Private chef Maggie Odell has always left the downloading, uploading, and organizing of digital pictures to her husband. But with their first baby due in November, she wants to be photo literate, too. Top on the list: replace her old point-and-shoot, master online sharing, and find a simple video camera. We asked photographer and blogger Joseph O. Holmes to simplify it all.
The Mess: Odell’s point-and-shoot camera is on its last legs, but with baby expenses mounting, she doesn’t want to spend a lot on a new one.
The Cleanup: “All point-and-shoot cameras have serious drawbacks,” says Holmes, especially in low light. “And by ‘low light’ I mean anything less than full outdoor sunlight.” Fuji’s FinePix F200 EXR ($320.95 at B&H Photo and Video, 420 Ninth Ave., nr. 34th St.; 212-239-7765) may not be the dirt-cheapest option, but it is the smartest. In dim situations, the image sensor automatically doubles its sensitivity. “Unless you’re blowing things up to gallery size,” Holmes says, “it’s more than adequate.”
The Mess: Her first-generation iPhone takes blurry action shots—not good for a wriggling baby.
The Cleanup: Holmes says the simplest fix is to upgrade to the new 3GS version. “They’ve added a feature where you can just tap the screen to tell the camera where to focus.” If blurriness is still a problem, you can download helper apps like Night Camera (99 cents), which uses the phone’s accelerometer to compensate for your jittery hands.
The Mess: Odell loves iPhoto, but online photo-sharing services seem too complicated.
The Cleanup: “I can put photos on Facebook, but that’s only because iPhoto has a button for that,” says Odell. Holmes’s favorite photo-sharing sites, Picasa and Flickr, also offer free iPhoto plug-ins that will upload snapshots directly. “But the real key,” he says, “is knowing what you want to do with your photos once they’re up there.” Flickr is better if your friends and family are likely to want to comment on or tag individual photos. Picasa is preferable for sharing large albums that are easy to arrange and rifle through. Both provide free “uploaders” that can send your snaps into the cloud en masse, right from your desktop.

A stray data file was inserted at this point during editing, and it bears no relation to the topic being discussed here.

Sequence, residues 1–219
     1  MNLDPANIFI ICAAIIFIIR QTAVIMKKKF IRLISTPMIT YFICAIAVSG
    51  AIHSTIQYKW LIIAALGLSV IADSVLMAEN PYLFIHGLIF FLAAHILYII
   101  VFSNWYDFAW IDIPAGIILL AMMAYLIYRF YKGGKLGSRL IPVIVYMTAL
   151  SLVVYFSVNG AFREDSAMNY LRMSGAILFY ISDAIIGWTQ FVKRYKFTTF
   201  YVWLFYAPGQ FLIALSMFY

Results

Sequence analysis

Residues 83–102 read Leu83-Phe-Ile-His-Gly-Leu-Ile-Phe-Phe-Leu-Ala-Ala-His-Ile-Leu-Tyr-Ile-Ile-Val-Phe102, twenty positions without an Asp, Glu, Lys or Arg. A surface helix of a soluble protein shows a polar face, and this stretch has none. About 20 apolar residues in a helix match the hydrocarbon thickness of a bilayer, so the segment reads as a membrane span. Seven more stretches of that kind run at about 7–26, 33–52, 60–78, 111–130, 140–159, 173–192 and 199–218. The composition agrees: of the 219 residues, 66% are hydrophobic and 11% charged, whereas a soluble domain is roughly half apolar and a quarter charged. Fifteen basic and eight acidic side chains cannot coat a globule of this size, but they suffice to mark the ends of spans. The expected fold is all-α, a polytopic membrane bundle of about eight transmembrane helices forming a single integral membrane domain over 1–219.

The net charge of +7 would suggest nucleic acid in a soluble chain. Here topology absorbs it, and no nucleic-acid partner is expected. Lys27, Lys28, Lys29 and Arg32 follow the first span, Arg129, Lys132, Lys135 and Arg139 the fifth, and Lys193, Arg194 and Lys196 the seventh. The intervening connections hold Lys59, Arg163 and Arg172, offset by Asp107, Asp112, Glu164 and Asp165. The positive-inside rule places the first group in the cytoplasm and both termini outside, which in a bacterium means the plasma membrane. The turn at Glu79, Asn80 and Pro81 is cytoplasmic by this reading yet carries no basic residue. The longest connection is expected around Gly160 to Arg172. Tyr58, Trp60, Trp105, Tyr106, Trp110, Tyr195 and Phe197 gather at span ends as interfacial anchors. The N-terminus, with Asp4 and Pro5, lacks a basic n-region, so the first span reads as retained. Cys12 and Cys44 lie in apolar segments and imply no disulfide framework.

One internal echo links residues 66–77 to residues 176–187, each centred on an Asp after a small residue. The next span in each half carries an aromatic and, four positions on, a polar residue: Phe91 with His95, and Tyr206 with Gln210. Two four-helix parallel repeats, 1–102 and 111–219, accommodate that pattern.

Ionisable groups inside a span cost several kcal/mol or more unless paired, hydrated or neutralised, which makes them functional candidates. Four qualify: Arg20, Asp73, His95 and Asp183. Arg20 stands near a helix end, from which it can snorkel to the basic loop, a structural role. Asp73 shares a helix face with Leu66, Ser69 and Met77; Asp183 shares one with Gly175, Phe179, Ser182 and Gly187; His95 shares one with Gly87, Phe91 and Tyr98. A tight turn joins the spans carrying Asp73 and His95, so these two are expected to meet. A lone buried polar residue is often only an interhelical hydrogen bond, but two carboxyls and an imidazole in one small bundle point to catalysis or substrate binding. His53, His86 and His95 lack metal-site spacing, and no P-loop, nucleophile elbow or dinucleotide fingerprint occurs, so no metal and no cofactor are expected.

The Mess: Her wedding pictures are sitting unsorted on a disk because she has no idea how to get prints.
The Cleanup: “Making a wedding album is supposed to be my big third-trimester project,” says Odell. Holmes is a big fan of making prints, but not on home photo-printers, with their expensive ink-cartridge replacements and dubious quality. He prefers to send pics to the local photography shop Adorama (from 19 cents per print; 42 W. 18th St., nr. Sixth Ave.; 212-741-0466). Just upload what you want to their website (adorama.com), choose a print size and paper, and they’ll mail the finished product right to your door. You can order prints bound into albums as well: “It’s more expensive than using iPhoto,” he says, “but it’ll be a real keeper.”
The Mess: Odell wants a very straightforward way to make “simple little videos” of the baby along with photos.
The Cleanup: “I want something I can plug in and let it do its thing—no special commands, no clicks,” says Odell. “My brain just doesn’t hold those things.” The simplest camcorder out there, says Holmes, is the Flip UltraHD ($200 at Best Buy, 60 W. 23rd St., at Sixth Ave.; 212-366-1373), which stores two hours of HD video and has a built-in USB connection that snaps out like a switchblade—no cards or cords necessary. But if she doesn’t want to carry an extra gadget, the iPhone 3GS records video now, too (albeit in standard definition). The new iPhone is especially suitable for baby videos, he says, because you can trim footage right after you shoot it: “That way, you can lop off the three minutes of drooling before the kid says ‘Da-da.’”